Scapegaming was one of the largest and most popular private WoW servers in 2009 and Reeves was essentially selling in-game content in micro-transaction format, so it's no surprise that her server was at the top of Blizzard's hit list. As Scott Jennings notes in his BrokenToys blog, 420,000 users is huge; the size of most legitimate, "second-tier" MMOs, let alone the player base of a private server. This case is clearly an example of Blizzard setting a legal precedent, similar to its 2008 lawsuit against MDY Industries, retailer of WoWGlider (a utility that allowed players to "bot" and take advantage of other game client mechanics).
Legal actions like these aren't just about preserving a publisher's EULA and proprietary server technology, however; it's also about combating piracy under the broad wings of the Digital Millennium Copyright Act (DMCA), which video game developers and publishers have been doing for years. Historically though, online gaming and MMOs were targeted much less than traditional PC and console games because of their intrinsic nature; the client requires a constant connection to the server, which also validates a user's game license.
But the advent of server emulation, free virtual private networks (VPNs), network tunneling and other technology has increased the accessibility of private servers in recent years, allowing users unlicensed access to MMOs and other online gaming. It's usually a game of cat-and-mouse with the smaller private servers; DMCA takedown notices are sent to the service provider, the server goes down and another one pops up to take its place. Sometimes private servers grow so big and popular that publishers get the FBI involved, as was the case in NCsoft's 2006 Lineage II private server takedown.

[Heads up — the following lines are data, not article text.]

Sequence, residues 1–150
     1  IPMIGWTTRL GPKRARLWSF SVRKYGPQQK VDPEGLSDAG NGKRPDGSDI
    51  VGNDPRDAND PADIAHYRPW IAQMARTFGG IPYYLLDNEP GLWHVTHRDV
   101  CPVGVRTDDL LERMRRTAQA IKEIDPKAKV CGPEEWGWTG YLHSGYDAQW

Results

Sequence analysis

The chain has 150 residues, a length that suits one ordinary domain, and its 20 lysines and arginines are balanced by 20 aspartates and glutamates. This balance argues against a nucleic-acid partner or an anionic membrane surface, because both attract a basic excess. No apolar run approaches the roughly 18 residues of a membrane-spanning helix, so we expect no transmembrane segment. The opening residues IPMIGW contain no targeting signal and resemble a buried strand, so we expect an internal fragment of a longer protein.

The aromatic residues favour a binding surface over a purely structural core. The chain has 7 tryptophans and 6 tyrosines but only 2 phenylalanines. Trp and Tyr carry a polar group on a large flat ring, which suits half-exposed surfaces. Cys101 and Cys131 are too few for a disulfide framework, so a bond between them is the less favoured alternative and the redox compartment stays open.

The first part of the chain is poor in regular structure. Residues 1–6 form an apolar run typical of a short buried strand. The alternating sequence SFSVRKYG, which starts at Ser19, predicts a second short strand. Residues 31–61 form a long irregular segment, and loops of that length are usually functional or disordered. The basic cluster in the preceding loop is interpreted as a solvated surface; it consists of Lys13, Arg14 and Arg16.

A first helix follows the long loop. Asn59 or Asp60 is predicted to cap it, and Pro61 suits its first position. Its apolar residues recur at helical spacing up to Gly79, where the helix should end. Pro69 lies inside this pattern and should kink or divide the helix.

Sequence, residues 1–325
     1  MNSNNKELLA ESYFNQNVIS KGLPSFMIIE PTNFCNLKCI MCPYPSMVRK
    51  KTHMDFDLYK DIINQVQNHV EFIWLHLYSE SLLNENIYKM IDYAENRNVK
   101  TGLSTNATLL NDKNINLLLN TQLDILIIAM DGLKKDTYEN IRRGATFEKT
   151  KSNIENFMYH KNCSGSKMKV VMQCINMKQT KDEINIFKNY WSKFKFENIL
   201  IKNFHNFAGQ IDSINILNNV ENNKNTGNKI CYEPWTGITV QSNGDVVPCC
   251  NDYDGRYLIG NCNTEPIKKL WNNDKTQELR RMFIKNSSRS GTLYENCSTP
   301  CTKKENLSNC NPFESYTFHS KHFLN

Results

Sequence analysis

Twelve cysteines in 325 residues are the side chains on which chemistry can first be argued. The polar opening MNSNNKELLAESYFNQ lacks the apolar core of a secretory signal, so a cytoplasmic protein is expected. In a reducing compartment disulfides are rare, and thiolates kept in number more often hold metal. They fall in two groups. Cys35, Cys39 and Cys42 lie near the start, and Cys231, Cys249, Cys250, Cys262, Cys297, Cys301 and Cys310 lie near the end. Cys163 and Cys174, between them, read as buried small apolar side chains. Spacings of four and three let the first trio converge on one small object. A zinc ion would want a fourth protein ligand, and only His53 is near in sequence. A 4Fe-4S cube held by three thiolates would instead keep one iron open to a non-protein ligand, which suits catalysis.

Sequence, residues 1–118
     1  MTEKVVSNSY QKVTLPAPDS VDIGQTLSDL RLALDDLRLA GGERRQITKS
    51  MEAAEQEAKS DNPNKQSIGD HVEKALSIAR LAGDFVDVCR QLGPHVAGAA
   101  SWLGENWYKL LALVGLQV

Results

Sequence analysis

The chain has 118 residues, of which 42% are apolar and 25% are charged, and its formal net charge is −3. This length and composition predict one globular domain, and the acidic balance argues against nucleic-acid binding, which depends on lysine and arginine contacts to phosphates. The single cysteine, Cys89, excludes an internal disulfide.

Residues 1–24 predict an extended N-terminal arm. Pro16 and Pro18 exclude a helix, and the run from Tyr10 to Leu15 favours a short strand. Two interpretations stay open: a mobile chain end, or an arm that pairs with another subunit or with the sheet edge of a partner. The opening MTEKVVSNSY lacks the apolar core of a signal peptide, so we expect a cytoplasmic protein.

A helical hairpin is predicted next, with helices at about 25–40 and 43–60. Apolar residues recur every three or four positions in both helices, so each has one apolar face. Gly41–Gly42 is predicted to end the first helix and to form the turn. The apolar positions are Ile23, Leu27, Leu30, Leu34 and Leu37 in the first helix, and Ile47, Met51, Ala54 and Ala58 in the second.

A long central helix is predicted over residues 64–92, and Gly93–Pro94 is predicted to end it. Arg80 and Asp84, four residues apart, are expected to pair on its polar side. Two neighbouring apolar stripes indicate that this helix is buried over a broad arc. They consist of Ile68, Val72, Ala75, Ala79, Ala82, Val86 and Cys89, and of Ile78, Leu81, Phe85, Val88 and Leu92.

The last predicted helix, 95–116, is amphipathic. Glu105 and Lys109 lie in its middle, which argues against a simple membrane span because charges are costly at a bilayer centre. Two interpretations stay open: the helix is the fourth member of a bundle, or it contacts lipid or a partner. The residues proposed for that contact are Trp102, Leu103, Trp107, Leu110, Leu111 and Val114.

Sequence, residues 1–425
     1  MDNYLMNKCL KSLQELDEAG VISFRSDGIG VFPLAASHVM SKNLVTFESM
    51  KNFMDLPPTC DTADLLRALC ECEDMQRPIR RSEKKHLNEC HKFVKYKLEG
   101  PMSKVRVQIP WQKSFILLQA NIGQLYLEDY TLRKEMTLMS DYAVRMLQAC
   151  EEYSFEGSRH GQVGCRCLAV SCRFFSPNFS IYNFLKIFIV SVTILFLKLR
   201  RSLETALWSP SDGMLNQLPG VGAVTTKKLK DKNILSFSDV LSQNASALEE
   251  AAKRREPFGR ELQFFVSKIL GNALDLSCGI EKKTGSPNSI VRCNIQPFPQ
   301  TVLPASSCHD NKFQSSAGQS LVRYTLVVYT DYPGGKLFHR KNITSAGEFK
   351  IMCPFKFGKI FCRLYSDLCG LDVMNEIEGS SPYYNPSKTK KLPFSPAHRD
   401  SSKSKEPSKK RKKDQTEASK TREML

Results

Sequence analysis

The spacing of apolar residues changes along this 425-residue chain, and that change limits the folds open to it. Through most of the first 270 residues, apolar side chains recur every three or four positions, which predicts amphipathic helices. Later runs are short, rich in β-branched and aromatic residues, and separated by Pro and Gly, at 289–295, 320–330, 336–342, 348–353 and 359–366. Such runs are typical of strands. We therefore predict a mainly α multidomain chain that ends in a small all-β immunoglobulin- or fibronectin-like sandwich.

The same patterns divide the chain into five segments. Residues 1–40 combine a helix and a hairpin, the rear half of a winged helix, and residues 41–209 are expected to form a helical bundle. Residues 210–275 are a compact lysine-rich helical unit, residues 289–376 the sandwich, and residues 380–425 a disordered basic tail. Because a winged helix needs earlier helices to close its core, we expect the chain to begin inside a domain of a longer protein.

In the MMO realm, most community members regard private servers as shady and often dangerous; a back-alley endeavor that isn't worth the risk of getting caught and banned by the game's publisher, or having one's machine infected with malware and other unscrupulous logging software. Many private server invitations and registrations are a ruse in themselves, designed to trick users into providing login credentials and other personal information.
If you're not familiar with the term "private server," it's used—in the context of MMOs, at least—to describe a non-sanctioned server environment that allows users to play online, without accessing the publisher's official servers. Players use them for avoiding monthly subscription fees, gaining access to restricted content, testing purposes and more. Private and emulated servers are also used for other types of games, like first-person shooters and real-time strategy titles (usually for the same reason—to play online for free, using pirated copies of the game).
However, the use of private servers and VPNs to play online games for free isn't as easily-accessible as downloading a BitTorrent file, for example. The technology is becoming a bit more user-friendly for traditional PC games, though. Up until the past few years, those who downloaded pirated copies of games like Left 4 Dead and Mass Effect could only play the single-player campaigns; they weren't able to access the official servers to play online with other people, because the server checks to make sure each player is using a valid license. The emergence of easy-to-use VPN services like Hamachi, Wippien and Tunngle has changed the norm, allowing easier access to third-party servers with pirated video games.